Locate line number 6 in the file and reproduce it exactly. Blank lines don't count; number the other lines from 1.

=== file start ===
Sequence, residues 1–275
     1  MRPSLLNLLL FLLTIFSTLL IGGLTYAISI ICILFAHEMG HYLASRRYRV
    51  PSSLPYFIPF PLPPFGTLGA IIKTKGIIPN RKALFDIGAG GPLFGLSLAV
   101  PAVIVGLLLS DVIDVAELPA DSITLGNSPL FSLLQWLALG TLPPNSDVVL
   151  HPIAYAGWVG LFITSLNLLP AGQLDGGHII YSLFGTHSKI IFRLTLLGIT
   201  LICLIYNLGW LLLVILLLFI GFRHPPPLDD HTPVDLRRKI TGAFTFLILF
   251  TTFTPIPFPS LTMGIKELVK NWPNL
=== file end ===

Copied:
   201  LICLIYNLGW LLLVILLLFI GFRHPPPLDD HTPVDLRRKI TGAFTFLILF